Saint Helena is a tiny tropical island in the South Atlantic Ocean and remains one of the few countries part of the British Overseas Territory. Besides being well-known as Napoleon Bonaparte’s home in his last years, the island is generally not in the news. Still, different stories detailing possible child abuse yield concerns about the status of human rights in Saint Helena.
Recently, Saint Helena has been under scrutiny for possible child abuse on its shores. In 2014, the Daily Mail published a series of three articles about the “culture of sexual abuse of children” in Saint Helena. Needless to say, these articles shocked the public. The articles detailed the brutality of the abuses. More importantly, the articles suggested that authorities needed to review the policing on the island.
The articles criticized the authorities in great detail, particularly the Foreign Commonwealth Office, the local government of Saint Helena and the Department for International Development. Other occurrences suggest that child abuse is ongoing on the island, creating a grave concern for human rights in Saint Helena.
Claire Gannon and Martin Warsama, social workers from Britain, were working with island residents. Gannon and Warsama reported the abuse; later, both alleged they were threatened and forced to leave the island in retaliation for reporting such abuse.
Later, the FCO withdrew its initial report in front of the United Nations. The FCO apologized for its “erroneous report” that denied the allegations of child abuse. Gannon and Warsama were furious. In return, the social workers sued the FCO and the United Kingdom Department for International Development.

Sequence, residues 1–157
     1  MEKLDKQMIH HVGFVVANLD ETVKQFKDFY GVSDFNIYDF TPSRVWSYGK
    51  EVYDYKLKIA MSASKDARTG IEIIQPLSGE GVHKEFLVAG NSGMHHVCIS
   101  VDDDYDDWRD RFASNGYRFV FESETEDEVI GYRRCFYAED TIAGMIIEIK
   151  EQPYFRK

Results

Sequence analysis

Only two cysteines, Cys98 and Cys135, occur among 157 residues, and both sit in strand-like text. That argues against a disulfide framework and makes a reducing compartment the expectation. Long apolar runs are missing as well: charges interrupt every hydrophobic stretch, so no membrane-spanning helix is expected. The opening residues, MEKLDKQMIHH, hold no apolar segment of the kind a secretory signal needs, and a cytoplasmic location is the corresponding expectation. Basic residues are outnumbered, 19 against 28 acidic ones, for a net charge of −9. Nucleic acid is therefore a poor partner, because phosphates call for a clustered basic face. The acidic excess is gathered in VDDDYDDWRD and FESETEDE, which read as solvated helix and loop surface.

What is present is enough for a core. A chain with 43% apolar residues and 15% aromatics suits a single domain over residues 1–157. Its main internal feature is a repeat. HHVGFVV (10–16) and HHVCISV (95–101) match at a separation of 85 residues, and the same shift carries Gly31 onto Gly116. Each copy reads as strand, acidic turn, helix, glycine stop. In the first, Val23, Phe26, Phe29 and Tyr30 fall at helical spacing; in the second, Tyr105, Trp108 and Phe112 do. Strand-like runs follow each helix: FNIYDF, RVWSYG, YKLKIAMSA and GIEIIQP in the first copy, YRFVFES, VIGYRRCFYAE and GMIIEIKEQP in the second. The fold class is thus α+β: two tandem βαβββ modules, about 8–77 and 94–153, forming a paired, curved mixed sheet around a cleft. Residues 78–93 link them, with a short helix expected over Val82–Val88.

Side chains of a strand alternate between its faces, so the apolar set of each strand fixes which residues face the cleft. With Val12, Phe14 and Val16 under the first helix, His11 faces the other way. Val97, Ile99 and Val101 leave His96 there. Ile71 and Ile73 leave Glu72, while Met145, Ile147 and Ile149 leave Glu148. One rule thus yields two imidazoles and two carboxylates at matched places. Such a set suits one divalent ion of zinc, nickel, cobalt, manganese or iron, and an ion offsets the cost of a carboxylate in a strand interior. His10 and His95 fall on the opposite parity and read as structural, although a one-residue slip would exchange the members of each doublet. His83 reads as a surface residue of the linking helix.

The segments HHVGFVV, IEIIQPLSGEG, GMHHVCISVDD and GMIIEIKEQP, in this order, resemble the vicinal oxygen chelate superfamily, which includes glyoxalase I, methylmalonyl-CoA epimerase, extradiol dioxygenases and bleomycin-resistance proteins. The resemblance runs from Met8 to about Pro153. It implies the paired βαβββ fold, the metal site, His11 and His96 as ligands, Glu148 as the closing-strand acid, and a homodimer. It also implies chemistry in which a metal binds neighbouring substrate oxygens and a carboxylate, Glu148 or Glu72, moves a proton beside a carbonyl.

The FCO was faced with a public outcry. As result, it commissioned a report by a children’s charity, the Lucy Faithfull Foundation. The foundation kept its report confidential. However, the contents were leaked to a website the social workers had created to help drum up support for their lawsuit. The report noted that there was a culture on the island of abusing teenage girls through “violent and brutal attacks.”
The reports generated by the FCO indicate that there is, at a minimum, some ongoing child abuse on the island. One of the reasons such abuse could potentially take place is because of the small population: there are just over 4,000 permanent residents of the island. It is well-established that abusers often become close to their victims.
The government of Saint Helena has begun taking an active interest in the welfare of children as a whole. In 2010, the Welfare of Children Regulations formed the Safeguarding Children’s and Young People’s Board. To avoid undue political influence as much as possible, the board is chaired independently, though it does report to the governor of Saint Helena. Other members of the board include those who work with children regularly: representatives from the different sectors of health, social services, education and nongovernmental organizations.
The board is a sincere effort from the government to protect children’s interests; it meets every six weeks and when there is an urgent matter. The board also strives to harmonize different elements of the government, so that various agencies can work for the betterment of children’s interests.
– Smriti Krishnan